Health and Medicine

225 years of Tar Heels: Elizabeth Kemble

The first dean of the School of Nursing, Elizabeth Kemble traveled nearly 600 miles across North Carolina to better understand the state's needs.

Elizabeth Kemble speaks with students.
Elizabeth Kemble was Carolina's first dean of the School of Nursing. Here she meets with students from a graduating class in the 1950s.

225 Years.Editor’s note: In honor of the University’s 225th anniversary, we will be sharing profiles throughout the academic year of some of the many Tar Heels who have left their heelprint on the campus, their communities, the state, the nation and the world.

As the founding dean of the UNC School of Nursing, Elizabeth Kemble dedicated her life to serving others.

“There is no such thing as a menial task in caring for a human being,” Kemble once said.

Kemble earned her nursing diploma in 1927 from the University of Cincinnati and then a master’s in nursing and doctorate in nursing education by 1948 – a feat that was unheard of for a woman of her day.

Before she started her job as dean in 1950, Kemble traveled across North Carolina, nearly 600 miles from Murphy to Manteo, stopping along the way to meet people and understand their personalities and needs.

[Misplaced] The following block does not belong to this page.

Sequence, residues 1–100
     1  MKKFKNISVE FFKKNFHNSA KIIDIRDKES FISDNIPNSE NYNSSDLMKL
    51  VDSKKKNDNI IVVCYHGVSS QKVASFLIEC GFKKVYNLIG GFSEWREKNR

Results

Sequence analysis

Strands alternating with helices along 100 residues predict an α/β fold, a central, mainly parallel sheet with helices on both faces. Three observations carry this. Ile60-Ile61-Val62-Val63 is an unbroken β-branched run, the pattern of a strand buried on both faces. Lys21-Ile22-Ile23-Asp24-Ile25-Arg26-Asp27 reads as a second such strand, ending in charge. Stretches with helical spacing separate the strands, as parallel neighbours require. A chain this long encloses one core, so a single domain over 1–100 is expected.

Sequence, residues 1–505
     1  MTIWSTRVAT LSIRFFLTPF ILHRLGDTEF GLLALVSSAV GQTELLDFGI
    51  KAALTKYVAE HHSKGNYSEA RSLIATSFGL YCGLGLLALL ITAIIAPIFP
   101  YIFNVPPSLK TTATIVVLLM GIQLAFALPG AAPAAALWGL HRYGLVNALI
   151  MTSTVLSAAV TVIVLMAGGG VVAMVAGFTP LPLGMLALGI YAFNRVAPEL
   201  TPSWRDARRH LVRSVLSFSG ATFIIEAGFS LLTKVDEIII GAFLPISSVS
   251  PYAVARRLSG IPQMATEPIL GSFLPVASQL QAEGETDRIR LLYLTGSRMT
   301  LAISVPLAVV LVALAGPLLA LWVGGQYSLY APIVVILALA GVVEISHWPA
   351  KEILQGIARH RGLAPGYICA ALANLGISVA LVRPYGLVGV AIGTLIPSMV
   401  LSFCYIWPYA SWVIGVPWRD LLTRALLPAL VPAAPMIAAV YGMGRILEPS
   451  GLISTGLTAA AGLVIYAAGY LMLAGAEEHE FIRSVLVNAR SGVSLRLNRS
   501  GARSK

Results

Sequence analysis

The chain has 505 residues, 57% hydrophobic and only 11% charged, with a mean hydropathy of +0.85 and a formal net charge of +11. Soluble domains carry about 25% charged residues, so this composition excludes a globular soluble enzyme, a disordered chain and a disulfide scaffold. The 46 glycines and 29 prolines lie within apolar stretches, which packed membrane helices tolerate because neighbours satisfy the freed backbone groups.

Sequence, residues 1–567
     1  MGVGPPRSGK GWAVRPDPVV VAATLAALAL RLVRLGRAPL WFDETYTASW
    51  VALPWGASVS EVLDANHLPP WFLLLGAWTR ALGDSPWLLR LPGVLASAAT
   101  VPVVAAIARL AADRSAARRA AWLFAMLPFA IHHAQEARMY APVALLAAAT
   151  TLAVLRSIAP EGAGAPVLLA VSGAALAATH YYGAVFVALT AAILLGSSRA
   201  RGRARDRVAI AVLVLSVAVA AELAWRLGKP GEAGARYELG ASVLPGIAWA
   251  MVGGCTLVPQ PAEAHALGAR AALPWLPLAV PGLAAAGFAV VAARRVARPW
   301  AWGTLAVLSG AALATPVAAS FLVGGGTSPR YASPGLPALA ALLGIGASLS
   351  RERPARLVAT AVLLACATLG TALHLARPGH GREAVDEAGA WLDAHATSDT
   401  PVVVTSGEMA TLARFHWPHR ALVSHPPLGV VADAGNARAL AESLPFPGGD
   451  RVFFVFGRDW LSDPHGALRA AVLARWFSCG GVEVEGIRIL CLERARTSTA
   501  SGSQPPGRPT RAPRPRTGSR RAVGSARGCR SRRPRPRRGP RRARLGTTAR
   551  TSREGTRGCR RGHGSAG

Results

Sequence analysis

“I took quite seriously that the boundaries of the University were the boundaries of the state. I felt we had an obligation to the people,” Kemble said.

At Carolina, Kemble was given one year to hire faculty, develop a curriculum, oversee construction of the School of Nursing building and dorms, find additional scholarship funding, and recruit high school seniors to start the following fall. Her first class, in 1951, was made up of 27 women, a big deal for Carolina, which, up until that point, had admitted female students only as transfer students.

By the time the school celebrated its 10th anniversary, Kemble had guided the school through the accreditation process for the bachelor’s program as well as the master’s program. Enrollment had increased to 235 students.

Kemble’s work caught the eye of the U.S. Air Force, who brought her on as the national consultant to the surgeon general in 1959. She became the first professional nurse to be ranked a brigadier general and, in 1962, spent one month traveling the world.